1 in 3 people in Switzerland experienced discrimination in 2022

1 in 3 people in Switzerland experienced discrimination in 2022

A new survey released by the Swiss government has revealed that a third of Switzerland’s residents have been the victim of some form of discrimination or violence in 2022. The Federal Statistical Office (FSO) noted that while the vast majority of people say they want to take action to combat racism and discrimination, comparatively few follow through.

One in three in Switzerland experience some form of discrimination

To create the survey, the FSO asked Swiss citizens and holders of Swiss residence permits whether they had experienced racism, violence or discrimination in 2022, and if they were to see an incident, whether they would intervene or not. The incidents in question include workplace conflicts, targeted insults, racial profiling by Swiss police and a number of other scenarios.

This year, the FSO noted that “nearly one in three people in Switzerland say they have been the victim of discrimination or violence” in 2022. This rate rises to 40 percent among expats and internationals, and up to 54 percent among 15 to 24-year-olds.

Most incidents of discrimination related to nationality

The majority of cases were linked to racial or national factors, with 50 percent of incidents relating to the victim’s nationality, 19 percent to their skin colour, 17 percent to religion and 15 percent of incidents relating to the person's heritage and ethnic origin. The number of incidents has remained around the same since last year.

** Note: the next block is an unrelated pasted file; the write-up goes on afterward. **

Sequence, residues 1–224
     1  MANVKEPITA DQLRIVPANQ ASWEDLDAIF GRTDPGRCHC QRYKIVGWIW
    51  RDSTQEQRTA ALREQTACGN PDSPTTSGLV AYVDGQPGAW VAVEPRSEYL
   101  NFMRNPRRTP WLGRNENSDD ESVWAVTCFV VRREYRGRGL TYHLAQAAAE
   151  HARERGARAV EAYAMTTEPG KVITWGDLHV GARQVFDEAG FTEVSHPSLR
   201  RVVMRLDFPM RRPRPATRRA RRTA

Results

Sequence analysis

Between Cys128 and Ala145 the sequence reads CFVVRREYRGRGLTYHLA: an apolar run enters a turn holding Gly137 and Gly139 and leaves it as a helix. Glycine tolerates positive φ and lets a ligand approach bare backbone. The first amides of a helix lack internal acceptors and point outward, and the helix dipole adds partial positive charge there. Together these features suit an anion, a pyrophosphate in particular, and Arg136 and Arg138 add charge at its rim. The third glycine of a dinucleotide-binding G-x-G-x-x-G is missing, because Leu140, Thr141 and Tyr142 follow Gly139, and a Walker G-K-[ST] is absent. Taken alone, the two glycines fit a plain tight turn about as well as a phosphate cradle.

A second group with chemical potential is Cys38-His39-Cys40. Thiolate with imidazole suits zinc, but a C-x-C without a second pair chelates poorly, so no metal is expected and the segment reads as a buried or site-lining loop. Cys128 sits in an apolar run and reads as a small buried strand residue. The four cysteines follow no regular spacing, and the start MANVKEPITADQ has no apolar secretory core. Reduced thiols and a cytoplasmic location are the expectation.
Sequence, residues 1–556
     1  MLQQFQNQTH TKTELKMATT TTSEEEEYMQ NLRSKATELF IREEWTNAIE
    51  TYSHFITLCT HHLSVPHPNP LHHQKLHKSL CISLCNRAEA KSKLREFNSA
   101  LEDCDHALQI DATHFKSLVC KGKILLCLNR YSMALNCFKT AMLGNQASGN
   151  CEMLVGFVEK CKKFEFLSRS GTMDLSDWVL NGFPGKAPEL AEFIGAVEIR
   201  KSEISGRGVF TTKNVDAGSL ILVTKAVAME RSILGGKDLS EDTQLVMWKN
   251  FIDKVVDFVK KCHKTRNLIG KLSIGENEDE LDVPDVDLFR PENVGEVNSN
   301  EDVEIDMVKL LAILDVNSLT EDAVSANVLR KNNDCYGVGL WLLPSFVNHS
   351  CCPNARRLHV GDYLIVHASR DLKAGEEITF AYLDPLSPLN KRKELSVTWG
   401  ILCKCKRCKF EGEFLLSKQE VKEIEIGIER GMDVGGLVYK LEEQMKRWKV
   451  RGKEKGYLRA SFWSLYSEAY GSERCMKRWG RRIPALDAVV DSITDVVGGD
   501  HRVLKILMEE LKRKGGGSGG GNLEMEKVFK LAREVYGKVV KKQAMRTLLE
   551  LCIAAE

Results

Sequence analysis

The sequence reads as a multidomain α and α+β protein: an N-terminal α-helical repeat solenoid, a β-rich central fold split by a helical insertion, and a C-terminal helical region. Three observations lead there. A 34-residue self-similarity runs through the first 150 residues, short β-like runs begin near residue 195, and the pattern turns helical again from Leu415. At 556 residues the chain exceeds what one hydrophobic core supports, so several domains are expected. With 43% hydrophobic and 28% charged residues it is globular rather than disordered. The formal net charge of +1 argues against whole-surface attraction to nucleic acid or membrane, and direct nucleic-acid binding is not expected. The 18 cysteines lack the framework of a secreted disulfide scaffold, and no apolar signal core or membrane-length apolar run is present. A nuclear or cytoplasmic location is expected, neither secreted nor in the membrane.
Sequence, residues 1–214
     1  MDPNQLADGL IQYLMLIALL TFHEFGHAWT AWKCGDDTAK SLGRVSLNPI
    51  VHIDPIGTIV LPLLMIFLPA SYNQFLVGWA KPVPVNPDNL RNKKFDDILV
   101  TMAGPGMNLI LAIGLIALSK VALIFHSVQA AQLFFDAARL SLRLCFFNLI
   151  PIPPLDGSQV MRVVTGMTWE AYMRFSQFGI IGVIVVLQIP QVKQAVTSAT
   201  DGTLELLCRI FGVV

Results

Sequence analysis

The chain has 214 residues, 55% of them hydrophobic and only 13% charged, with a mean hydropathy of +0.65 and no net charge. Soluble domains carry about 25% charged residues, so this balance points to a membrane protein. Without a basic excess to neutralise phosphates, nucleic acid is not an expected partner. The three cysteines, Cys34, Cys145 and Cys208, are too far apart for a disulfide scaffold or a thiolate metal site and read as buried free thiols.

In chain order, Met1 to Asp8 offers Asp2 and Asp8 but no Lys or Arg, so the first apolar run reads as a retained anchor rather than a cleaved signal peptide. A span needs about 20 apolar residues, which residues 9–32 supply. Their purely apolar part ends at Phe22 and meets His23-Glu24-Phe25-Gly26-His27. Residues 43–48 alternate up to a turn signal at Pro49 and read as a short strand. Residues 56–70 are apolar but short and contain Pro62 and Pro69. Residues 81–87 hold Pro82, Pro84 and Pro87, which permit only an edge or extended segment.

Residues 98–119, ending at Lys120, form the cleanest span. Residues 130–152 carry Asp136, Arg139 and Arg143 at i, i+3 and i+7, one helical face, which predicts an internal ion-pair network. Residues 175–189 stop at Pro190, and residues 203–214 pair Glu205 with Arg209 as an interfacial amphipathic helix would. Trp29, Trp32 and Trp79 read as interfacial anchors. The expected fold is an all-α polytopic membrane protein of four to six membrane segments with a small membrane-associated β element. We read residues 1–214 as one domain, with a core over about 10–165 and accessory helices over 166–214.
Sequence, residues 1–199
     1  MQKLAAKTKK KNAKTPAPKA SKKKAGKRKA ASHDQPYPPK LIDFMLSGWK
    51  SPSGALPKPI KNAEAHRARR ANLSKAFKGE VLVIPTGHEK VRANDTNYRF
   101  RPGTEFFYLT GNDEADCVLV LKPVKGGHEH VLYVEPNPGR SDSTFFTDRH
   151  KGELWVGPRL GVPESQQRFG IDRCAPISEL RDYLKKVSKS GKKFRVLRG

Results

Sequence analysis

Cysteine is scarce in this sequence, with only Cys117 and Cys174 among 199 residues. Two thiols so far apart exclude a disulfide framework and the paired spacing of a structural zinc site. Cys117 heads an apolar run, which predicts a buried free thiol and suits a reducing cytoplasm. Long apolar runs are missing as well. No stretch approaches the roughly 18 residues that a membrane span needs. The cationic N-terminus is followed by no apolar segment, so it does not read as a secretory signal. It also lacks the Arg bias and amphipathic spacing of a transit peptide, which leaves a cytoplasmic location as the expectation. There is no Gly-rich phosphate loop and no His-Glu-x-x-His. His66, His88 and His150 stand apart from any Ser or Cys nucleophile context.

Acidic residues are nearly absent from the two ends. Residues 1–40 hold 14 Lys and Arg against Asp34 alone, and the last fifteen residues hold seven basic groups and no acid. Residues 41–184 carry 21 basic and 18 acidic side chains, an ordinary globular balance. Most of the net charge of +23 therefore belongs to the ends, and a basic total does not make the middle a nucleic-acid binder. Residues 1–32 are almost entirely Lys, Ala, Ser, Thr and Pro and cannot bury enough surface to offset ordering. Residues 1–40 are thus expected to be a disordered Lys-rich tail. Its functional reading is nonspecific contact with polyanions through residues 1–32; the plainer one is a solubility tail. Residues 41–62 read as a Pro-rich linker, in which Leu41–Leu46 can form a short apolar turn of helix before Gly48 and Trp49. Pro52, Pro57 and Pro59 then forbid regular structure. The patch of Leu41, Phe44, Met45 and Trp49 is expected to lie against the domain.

Conversely, the study noted that while around 80 percent of those surveyed said they were “willing to take action” in order to combat racism, only 8 percent said they would attempt to intervene in all cases. For example, 50 percent of people said they would intervene if someone was racially insulted, while only 33 percent would do something if they heard a racist joke in the workplace.

20 percent of people in Switzerland do not want to fight racism

Interestingly, the FSO added that whether someone intervenes in a racist or discriminatory incident varied depending on nationality and sex: people with a "migration background" were the most likely to intervene in all situations, and women (41 percent) were more likely to say something than men (25 percent) if they heard a racist joke at work.

In all, the survey said that while much progress has been made in combating racism, and while the majority of interactions between different groups are “harmonious”, there is still much to be done. For example, despite the enthusiasm from most of the general public, the FSO concluded that “about 20 percent of the population say they do not want to take action to fight against racism. These people do not wish to engage via any of the forms of action proposed.”

Thumb image credit: Christian Scheidegger /

Jan de Boer


Jan de Boer

Editor for Switzerland at IamExpat Media. Jan studied History at the University of York and Broadcast Journalism at the University of Sheffield. Though born in York, Jan has lived most...

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